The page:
- Cf. Ps. 2:7, 45:6 (King is addressed as elohim), 89:26 (adoption formula for a god adopting a king); Is. 9:6-7 (who will inherit the dominion of Yahweh), etc.
- Broadly speaking, this is shared throughout ANE (591).
- King Keret was son of the god El, Assyrian king was the son of a god. Esarhaddon is the son of Ninlil and Shamash. Shulgi, a Sumerian king, is the son of the goddess Ninsun. etc.
- In a West Semitic context especially, one individual god was usually the main god (591). He writes, “The temple was an expression of the deitiy’s cosmos and domain. Nation and religion were the same. The reality was that in order for a nation to be ruled and governed according to the deity’s will, it had to have a “deputy” divinity choisen, namely, the king (591).”
- Cf. Sanders on this for more details unique to a West Semitic context.
- Theological kingship was part of ancient Israel’s heritage as it emerged as a unique and long lasting contending among the various ethnic groups categorized as Canaanites. (Loosely based off of 592; I expanded the details the words of Gosta).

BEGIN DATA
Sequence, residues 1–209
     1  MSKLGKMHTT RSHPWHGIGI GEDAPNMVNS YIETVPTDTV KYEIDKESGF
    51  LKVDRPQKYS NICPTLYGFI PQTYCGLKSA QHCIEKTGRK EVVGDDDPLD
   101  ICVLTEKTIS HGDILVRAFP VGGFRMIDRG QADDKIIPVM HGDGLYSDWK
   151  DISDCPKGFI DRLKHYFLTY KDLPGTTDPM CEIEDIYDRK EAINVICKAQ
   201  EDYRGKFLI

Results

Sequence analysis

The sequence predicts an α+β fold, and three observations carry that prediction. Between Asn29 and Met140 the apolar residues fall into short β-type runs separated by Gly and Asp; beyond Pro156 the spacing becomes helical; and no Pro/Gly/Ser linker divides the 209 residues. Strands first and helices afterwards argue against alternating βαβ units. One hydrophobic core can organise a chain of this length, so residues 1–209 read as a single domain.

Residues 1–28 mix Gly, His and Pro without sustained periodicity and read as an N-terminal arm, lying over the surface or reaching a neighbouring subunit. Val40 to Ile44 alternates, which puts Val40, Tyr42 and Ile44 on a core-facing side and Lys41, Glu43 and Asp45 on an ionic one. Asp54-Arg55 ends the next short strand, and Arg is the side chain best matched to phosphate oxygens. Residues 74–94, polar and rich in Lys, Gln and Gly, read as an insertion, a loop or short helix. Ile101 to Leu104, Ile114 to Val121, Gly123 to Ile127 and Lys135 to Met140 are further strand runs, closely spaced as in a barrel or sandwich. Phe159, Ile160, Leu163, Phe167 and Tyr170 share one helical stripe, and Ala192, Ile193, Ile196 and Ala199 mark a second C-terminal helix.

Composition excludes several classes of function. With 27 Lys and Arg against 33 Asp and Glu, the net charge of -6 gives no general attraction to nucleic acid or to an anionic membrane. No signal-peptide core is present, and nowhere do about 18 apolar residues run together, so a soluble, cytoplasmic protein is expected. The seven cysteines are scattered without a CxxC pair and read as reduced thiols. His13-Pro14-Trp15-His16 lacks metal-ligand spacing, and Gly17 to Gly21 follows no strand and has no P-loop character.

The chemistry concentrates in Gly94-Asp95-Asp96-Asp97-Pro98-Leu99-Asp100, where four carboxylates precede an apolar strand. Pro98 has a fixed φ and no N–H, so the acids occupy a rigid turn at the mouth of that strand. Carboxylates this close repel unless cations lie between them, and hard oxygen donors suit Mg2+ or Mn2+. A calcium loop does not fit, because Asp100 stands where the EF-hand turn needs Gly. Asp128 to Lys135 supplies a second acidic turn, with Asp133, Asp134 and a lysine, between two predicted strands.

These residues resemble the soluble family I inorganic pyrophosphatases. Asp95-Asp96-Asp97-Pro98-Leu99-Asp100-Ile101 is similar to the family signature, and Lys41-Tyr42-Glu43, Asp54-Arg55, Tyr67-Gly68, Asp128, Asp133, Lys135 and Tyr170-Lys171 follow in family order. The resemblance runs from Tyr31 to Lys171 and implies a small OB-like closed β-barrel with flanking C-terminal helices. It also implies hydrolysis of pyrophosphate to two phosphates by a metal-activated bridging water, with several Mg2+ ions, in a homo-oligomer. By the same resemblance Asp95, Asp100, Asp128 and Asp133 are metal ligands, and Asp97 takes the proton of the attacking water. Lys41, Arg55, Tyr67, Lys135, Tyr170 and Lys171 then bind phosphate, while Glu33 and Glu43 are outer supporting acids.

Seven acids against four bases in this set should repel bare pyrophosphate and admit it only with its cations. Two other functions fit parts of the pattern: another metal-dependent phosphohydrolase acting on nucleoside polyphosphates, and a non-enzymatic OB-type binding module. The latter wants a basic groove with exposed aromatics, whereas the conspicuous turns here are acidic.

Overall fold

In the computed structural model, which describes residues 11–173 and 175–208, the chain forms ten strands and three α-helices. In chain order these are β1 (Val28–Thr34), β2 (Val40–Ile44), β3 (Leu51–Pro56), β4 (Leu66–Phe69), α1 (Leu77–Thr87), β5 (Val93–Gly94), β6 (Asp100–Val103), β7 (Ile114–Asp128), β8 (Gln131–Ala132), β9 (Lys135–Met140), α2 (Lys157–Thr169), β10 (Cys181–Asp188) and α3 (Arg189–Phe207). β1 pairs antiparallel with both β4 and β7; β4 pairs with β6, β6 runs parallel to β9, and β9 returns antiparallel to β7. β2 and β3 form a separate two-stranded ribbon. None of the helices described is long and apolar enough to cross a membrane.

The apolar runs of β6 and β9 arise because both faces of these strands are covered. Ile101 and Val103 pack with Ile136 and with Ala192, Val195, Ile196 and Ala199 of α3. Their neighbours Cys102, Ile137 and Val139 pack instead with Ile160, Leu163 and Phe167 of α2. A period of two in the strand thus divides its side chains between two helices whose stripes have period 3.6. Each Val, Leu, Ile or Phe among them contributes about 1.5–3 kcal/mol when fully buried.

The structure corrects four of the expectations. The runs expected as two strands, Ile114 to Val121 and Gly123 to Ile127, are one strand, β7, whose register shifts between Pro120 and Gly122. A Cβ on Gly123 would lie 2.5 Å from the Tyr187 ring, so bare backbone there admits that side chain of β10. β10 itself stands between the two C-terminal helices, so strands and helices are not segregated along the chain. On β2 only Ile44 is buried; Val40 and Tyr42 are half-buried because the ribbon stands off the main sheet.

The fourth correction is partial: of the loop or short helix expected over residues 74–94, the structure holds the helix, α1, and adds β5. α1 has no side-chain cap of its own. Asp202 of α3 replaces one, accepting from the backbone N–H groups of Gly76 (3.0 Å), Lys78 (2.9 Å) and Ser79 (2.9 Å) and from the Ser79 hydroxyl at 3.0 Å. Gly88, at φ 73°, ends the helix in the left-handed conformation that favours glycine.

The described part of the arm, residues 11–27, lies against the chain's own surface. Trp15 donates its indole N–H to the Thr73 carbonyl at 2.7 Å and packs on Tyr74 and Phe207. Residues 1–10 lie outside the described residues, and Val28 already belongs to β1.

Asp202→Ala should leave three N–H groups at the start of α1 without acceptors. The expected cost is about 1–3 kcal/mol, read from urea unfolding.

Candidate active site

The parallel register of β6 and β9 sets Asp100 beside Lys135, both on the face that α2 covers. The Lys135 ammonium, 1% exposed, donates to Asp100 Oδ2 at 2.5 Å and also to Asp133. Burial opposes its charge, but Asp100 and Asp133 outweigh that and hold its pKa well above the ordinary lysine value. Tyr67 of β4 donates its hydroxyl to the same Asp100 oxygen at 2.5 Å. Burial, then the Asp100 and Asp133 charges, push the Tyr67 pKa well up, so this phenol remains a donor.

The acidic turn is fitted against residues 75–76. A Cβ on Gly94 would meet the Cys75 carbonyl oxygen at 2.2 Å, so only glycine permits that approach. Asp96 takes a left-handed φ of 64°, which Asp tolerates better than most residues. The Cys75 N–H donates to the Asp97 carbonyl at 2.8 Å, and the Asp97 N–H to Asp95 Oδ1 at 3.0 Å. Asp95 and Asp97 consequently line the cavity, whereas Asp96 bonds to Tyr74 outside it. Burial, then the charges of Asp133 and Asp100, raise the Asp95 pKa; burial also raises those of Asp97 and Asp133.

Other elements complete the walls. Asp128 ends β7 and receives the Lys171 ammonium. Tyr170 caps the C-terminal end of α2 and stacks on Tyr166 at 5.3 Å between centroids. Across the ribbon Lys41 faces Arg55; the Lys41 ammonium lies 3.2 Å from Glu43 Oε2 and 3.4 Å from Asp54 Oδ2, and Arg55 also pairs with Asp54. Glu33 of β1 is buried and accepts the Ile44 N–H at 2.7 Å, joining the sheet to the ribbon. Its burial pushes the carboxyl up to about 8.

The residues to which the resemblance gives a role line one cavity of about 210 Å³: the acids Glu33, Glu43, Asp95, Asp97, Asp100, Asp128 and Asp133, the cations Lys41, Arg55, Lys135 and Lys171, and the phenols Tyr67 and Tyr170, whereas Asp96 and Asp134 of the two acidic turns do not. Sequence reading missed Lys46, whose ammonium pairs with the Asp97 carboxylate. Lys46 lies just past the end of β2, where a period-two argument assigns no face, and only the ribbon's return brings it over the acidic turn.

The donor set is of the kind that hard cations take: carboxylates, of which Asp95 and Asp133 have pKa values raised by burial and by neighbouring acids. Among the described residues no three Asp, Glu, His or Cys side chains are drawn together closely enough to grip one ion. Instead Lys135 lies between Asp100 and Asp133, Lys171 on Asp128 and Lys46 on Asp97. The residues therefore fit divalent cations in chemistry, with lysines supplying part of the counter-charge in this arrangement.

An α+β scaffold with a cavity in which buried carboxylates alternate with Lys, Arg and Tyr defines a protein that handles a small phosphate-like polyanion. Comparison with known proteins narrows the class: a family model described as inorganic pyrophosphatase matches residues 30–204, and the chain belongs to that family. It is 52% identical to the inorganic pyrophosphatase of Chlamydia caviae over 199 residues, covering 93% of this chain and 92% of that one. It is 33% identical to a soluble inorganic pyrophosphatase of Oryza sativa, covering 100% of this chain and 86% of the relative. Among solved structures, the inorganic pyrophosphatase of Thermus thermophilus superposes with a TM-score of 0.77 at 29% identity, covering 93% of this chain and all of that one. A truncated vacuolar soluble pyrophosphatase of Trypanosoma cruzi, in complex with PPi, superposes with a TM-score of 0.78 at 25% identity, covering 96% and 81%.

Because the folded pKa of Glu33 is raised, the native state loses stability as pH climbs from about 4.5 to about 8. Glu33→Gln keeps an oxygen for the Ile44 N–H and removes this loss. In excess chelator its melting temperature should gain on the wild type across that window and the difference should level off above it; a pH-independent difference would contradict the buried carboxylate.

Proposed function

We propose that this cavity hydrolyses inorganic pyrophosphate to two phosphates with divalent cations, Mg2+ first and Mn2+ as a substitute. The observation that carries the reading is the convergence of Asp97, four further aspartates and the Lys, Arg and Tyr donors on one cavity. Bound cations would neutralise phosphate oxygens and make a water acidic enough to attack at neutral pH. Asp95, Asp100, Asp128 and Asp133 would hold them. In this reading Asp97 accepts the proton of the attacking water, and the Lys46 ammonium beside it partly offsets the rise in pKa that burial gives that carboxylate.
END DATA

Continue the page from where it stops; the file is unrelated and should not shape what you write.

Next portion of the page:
- Enthronement of a king was a religious activity (593). It involved the following:
- Selecting a king and proclaiming affirmation of king via religious oracle, anointing, victory, ride a donky to place of investitutre, born of or adopted as the son of Yahweh, proclaimed with eternal dynasty, people acclaim, and a banquet!
- King was in charge of building a temple, as demonstrated through various inscriptions throughout Syro-Palestine (596).
- Panamu of Sam’al, Azatiwata of the Karatepe inscription, Mesha of Moab, Solomon, kings of Israel.
- This temple building, a religious and political activity, had economic implications. Land was bought, people were hired, and animals were sold for sacrifice (596).
- State Cult (597-598)
- Responsible for liturgical contact between deity, the foundation of the nation.
- Again, “religion and state were one.”
- Accordingly, the “king had supreme authority over the state religion and its cult” (597); however, that doesn’t mean others had a significant say in matters of religion.